(tept. In cities or to\TOs of less than two thousand inhabitants the petition must be signed by a majority of the tax-paying citizens, and a majority in the bloclc where the saloon is to be kept. The law provides that the licence may be revoked upon the application of any person showing to the county court that the licence-holder does not keep an orderly house, and it is provided that one (1) whose licence has been revoked, (2) who has violated any of the provisions of the licence law, (3) who has sold liquors to any minor, (4) who has employed in his business of saloon-keeper any per- son whose licence has been revoked, shall not be entitled to a licence. The law prohibits (1) the sale of intoxicating liquors to habitual drunkards, minors, or Indians, (2) the keeping of female employees in saloons, and (3) the keeping, exhiliiting, or using of any piano, organ, or any other musical instrument in a saloon. These law's are generally enforced. The law provides that upon application by petition to the county court signed by one-tenth of the qualified voters of any county, who shall reside outside of the cities or towns having a population of 2500 or more, an election shall be held to determine whether or not spirituous liquors shall be sold within the limits of such county. In cities or towns with a population of 2500 or more, the jjetition is made by one-tenth of the quali- fied voters to the body having legislative functions therein. If a majority of the qualified voters at such election vote against the sale of intoxicating liquors, no licence can be issued for the sale of liquor within such jurisdiction. Section 3034 R. S. of 1899 provides among other things that nothing in the law shall be so construed as to prevent the sale of wine for sacramen- tal purposes.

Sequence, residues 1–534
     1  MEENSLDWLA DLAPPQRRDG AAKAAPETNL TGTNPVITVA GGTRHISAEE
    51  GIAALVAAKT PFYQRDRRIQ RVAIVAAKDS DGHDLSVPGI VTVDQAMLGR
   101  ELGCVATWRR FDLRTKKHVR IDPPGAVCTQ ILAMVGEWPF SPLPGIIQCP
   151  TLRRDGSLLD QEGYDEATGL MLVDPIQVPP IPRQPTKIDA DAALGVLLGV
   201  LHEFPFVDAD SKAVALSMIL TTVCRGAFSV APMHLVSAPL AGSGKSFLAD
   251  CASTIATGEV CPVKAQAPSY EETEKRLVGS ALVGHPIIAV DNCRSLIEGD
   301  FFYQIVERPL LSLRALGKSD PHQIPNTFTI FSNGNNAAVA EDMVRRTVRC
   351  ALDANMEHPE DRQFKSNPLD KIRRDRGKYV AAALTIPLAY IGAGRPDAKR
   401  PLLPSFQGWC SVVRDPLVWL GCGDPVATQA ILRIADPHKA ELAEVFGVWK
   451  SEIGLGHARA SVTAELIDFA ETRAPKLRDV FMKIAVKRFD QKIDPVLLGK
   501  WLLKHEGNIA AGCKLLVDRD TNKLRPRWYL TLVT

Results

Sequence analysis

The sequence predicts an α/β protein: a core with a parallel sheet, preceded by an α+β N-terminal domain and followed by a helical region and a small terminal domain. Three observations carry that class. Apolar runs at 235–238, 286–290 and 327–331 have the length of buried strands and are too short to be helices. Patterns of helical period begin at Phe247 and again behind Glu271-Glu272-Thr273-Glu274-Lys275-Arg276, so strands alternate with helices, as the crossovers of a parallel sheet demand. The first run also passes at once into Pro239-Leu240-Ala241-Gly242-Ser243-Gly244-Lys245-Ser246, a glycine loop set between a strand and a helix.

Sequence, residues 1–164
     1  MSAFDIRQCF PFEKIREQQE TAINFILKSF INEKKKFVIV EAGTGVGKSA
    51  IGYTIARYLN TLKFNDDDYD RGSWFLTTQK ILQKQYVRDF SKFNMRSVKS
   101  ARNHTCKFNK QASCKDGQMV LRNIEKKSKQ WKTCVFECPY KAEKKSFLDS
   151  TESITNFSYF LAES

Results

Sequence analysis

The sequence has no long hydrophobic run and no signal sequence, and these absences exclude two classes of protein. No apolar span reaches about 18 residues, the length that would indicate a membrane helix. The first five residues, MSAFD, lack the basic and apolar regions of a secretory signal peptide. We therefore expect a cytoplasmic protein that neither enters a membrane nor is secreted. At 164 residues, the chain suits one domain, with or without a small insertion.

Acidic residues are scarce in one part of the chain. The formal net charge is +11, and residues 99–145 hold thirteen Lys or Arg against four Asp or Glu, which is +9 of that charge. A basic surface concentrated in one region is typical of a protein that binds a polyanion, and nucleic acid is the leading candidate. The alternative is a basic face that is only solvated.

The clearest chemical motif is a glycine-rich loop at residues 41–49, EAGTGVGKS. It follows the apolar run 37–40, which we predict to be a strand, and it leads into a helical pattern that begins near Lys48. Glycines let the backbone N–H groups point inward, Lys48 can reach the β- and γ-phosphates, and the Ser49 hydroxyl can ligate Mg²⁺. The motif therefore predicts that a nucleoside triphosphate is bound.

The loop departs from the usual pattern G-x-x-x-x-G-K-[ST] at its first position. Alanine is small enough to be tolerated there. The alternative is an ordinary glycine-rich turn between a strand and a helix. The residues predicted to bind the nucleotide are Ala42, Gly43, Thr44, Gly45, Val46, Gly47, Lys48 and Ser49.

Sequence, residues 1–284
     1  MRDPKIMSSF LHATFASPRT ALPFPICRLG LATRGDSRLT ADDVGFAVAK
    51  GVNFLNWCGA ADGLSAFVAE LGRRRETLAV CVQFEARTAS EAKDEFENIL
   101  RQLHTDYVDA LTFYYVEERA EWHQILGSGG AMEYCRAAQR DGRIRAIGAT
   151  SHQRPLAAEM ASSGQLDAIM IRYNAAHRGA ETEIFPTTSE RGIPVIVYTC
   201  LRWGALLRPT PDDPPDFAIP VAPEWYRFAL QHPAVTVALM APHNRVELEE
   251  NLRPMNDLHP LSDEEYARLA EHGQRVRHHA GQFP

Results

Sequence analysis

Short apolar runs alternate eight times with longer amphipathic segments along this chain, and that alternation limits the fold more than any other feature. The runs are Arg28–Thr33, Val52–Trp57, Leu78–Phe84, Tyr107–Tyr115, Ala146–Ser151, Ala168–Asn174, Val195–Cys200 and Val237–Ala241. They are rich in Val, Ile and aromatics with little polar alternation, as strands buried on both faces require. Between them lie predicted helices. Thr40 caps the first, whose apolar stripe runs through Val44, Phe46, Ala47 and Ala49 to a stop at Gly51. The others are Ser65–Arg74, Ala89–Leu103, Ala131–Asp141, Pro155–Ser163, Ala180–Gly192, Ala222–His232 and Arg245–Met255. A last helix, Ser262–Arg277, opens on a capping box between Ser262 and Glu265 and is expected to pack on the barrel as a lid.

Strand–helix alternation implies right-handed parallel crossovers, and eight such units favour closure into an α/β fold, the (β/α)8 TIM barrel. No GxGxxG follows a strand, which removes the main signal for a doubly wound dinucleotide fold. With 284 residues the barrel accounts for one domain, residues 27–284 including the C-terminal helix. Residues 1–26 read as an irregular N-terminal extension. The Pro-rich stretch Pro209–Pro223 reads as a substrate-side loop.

Prisons and Reformatories. — The state peniten- tiary is at Jefferson City; there is a reformatory for boys at Booneville and an industrial home for girls at Chillicothe. The law provides for the appointment of a chaplain for the penitentiary bj' the warden and the board of inspectors, consisting of the state treasurer, auditor, and attorney-general. The law makes no reference to the religious denomination of the chap- lain, but provides that his selection shall be governed by his special qualifications for the performance of the duties devolving upon him. He is required to conduct at least one service each Sunday; to visit convicts in their cells at least once a month, when practicable; to visit the sick in the hospital at least once a day; to hold religious services in the hospital once a week. He shall have charge of the prison library and the pur- chase of books; he shall officiate at the funeral of each convict, and be present at his burial; he is paid the salary of 81200 per annum. The law further provides that clergymen of every denomination of the City of Jefferson shall at all times have free access to the prison, or may visit any con\ict confined therein — subject only to such rules as may be necessary for the good government and discipline of the penitentiary — and may administer rites and ceremonies of the Church to which such convict belongs, if it be so desired. There is no statutory provision for a chaplain at the reformatory or the industrial home. Such religious ceremonies as are held at these institutions are con- ducted by tho.se interested in the work through ar- rangements made with the officials in charge. Such ceremonies are largely within the discretion of the officials, but the spirit of the law as laid down for the penitentiary prevails. This is :dso true of the state msane asylum and the reform schools anrl jails of the cities. In a majority of these institutions religious services are held by Catholic priests at regular inter- val.-;, and accommodations are provided for the celebra- tion of Mass and the administration of the sacraments.